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When I was a child, I remember most cars having a grounding strip, like the one in the picture below:

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But nowadays, I don't see any car having them. What is the reason they have disappeared / become unneeded?

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    Because they were about as useful as the furry dice... Another marketing thing was they were to reduce travel or motion sickness...
    – Solar Mike
    Jun 19 '19 at 17:04
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Primary reason would be that vehicle electrical systems ground to the body, not to earth. They're effectively useless.

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    The role at the time was to avoid shock when touching cars since they're isolated from the earth, through the tires, and would build up static electricity, presumably through air friction. I don't think it had anything to do with the electrical system of the car.
    – Thomas
    Jun 19 '19 at 17:00
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Back in the day we would often explain away customers complaints about static shocks as the fault of fiber glass belted tires. They were the cheaper alternative to steel belted tires. Maybe they were the cause or it was an excuse to upsell to steel-belts.

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My Espaces (several over the years) all with fibreglass bodies, often gave me a shock presumably from built up static. Food for thought - never on wet days. Never tried a grounding strip, but feel that with one, static would automatically go to earth through one rather than through me.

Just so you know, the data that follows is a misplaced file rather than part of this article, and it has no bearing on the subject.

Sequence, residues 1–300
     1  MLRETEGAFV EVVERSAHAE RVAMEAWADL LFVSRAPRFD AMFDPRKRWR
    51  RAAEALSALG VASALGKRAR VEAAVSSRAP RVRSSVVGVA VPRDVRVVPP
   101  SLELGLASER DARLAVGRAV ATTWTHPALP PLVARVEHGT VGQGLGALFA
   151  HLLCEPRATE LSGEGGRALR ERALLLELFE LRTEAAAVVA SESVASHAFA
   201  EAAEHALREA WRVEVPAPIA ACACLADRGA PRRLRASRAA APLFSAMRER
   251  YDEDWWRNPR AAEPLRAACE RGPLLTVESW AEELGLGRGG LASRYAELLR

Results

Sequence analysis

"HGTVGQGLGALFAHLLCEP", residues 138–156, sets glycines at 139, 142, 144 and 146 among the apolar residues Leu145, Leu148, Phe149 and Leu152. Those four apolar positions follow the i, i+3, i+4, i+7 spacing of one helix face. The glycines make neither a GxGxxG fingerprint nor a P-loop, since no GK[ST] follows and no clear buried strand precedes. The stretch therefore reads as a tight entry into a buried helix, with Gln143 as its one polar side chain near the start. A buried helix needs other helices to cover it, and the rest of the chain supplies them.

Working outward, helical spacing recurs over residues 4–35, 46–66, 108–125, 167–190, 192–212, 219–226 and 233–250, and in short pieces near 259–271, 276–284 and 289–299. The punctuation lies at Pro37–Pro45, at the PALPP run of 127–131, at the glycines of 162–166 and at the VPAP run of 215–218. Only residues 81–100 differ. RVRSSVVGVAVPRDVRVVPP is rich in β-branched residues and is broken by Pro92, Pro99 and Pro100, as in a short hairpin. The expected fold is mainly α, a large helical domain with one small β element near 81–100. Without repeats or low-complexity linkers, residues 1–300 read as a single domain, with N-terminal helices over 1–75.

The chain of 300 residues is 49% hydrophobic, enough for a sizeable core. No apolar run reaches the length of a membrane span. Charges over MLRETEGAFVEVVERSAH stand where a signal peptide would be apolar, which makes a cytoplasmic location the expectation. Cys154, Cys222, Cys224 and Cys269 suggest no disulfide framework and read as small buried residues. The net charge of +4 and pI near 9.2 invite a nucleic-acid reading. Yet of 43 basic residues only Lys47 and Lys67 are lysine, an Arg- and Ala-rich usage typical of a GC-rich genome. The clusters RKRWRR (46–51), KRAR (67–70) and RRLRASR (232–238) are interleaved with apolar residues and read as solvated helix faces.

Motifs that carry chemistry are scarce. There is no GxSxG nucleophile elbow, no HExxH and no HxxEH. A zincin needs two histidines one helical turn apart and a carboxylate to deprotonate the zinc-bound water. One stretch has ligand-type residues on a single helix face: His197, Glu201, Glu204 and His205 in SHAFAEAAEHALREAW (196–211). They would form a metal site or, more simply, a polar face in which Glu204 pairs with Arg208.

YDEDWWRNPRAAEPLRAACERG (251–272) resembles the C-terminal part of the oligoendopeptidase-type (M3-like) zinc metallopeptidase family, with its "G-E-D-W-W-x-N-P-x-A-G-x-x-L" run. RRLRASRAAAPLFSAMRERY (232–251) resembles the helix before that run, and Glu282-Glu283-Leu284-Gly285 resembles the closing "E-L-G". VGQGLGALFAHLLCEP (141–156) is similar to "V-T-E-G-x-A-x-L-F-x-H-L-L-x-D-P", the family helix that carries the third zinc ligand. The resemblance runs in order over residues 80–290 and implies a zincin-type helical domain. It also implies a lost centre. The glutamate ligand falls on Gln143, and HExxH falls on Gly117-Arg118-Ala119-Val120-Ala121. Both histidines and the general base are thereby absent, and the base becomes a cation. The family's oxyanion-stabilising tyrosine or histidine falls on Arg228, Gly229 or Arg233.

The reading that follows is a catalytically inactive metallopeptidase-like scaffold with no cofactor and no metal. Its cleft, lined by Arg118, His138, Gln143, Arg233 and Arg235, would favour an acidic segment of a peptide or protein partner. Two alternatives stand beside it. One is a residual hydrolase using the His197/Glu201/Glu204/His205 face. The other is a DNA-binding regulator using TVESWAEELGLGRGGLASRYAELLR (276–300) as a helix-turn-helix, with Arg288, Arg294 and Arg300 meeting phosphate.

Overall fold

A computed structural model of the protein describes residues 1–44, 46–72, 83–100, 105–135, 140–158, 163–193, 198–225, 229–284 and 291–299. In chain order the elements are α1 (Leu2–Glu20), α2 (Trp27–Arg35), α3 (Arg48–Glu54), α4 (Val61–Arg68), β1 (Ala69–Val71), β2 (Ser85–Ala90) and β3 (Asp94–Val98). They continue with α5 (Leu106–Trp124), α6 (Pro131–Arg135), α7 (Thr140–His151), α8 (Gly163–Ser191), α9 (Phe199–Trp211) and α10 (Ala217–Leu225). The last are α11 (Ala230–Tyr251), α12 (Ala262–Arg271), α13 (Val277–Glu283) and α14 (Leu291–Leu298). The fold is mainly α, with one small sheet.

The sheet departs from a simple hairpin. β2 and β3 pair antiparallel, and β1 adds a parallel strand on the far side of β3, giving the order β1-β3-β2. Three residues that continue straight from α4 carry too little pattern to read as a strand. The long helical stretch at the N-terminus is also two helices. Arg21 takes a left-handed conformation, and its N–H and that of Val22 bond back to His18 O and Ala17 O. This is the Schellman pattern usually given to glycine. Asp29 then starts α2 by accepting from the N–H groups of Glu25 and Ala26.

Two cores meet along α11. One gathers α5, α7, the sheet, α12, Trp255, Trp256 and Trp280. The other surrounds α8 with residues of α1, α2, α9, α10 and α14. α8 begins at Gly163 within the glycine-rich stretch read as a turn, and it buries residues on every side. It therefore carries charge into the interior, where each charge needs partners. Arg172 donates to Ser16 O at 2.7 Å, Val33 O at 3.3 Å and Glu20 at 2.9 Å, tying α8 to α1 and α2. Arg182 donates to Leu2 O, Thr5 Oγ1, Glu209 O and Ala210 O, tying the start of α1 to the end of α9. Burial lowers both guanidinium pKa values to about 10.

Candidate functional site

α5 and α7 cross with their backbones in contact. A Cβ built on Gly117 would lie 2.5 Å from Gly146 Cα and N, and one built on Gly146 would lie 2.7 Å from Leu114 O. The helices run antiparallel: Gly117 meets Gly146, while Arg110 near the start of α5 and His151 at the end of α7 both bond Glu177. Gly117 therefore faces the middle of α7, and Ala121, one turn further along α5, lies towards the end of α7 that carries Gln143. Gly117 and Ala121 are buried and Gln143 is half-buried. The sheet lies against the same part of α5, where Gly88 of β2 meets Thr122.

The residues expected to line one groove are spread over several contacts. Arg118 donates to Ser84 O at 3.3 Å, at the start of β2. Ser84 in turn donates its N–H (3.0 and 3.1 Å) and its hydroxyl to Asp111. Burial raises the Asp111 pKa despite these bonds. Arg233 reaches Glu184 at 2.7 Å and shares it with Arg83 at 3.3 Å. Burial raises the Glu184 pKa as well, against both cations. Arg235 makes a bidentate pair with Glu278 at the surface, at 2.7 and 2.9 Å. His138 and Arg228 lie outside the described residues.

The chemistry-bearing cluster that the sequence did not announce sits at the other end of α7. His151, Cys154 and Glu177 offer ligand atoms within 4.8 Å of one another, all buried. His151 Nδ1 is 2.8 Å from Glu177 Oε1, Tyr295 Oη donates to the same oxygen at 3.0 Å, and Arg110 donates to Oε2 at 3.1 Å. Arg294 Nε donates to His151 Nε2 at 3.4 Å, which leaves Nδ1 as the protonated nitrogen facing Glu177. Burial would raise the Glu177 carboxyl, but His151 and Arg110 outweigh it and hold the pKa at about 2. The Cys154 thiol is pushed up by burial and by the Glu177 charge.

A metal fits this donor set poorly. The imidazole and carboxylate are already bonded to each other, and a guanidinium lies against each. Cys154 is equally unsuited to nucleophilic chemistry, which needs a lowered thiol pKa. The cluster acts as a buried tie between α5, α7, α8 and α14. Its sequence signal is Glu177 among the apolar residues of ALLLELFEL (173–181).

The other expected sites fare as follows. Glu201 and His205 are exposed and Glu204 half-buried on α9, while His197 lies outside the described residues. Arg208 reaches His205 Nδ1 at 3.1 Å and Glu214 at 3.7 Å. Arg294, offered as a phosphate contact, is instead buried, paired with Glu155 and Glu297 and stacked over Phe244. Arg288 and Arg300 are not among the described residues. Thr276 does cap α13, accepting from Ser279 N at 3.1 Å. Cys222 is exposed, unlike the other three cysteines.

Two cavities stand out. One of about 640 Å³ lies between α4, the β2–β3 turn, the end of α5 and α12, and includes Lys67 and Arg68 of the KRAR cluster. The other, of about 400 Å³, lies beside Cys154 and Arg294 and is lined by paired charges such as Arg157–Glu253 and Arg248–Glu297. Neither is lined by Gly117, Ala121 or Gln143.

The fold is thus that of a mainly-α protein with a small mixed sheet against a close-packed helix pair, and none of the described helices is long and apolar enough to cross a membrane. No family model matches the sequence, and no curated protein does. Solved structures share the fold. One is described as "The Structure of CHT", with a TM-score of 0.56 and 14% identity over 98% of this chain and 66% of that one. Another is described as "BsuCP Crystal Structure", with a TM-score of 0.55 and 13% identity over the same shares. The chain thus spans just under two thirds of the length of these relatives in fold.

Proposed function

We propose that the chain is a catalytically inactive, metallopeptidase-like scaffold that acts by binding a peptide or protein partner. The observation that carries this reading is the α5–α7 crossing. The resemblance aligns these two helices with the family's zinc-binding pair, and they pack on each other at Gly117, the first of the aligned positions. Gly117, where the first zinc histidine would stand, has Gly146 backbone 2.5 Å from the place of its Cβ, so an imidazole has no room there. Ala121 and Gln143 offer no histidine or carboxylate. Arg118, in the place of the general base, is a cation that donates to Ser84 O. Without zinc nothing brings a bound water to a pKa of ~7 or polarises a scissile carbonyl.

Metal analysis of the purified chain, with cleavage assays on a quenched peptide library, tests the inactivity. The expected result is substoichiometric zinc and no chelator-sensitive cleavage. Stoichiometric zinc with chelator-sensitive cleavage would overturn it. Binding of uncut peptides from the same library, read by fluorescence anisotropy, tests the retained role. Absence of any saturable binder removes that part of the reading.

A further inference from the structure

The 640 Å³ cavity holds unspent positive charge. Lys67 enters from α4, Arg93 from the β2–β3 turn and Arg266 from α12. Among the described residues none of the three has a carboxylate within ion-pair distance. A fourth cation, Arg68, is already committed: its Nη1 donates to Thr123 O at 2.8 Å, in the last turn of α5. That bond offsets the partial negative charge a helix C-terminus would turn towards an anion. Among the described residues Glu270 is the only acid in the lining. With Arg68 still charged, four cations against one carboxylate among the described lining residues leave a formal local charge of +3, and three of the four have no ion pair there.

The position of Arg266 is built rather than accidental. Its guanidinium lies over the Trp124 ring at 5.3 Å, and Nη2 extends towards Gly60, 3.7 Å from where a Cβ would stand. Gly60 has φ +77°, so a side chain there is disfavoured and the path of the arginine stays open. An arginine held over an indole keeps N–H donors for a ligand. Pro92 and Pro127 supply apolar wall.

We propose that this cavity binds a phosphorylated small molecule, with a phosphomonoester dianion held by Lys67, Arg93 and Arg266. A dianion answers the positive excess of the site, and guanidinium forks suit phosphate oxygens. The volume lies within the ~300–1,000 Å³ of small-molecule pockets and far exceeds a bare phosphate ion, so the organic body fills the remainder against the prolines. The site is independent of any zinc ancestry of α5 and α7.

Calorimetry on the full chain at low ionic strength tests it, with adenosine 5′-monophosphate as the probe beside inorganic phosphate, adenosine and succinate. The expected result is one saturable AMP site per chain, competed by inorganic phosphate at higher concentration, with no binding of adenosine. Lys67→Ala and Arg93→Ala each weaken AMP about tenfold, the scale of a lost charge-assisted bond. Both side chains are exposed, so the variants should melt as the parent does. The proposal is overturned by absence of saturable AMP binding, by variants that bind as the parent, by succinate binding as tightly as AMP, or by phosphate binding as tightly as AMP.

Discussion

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Stops getting a shock from touching the bodywork especially old fashioned chromed door handles. More importantly reduced the risk of spark between fuel nozzle and metal filling pipe on the car. All aircraft fuelling is done after attachment of earthed crocodile clamp for this reason.....even when handling kerosene used in jet engines despite a much lower flash point than petroleum.

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    I understand the original intent, but the question is why have they disappeared? Today there is no grounding of the cars, so how are the same problems handled?
    – Thomas
    Oct 16 at 16:11
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If memory serves me correctly the addition of carbon to the rubber of the tire rendered grounding straps no longer needed to dissapate static. This is due to the fact that carbon is highly conductive and achieves the same effect.

I am old enough to remember getting shocks from vehicles especially when coming out of one. I had one shock that burnt a small hole in my fingernail.

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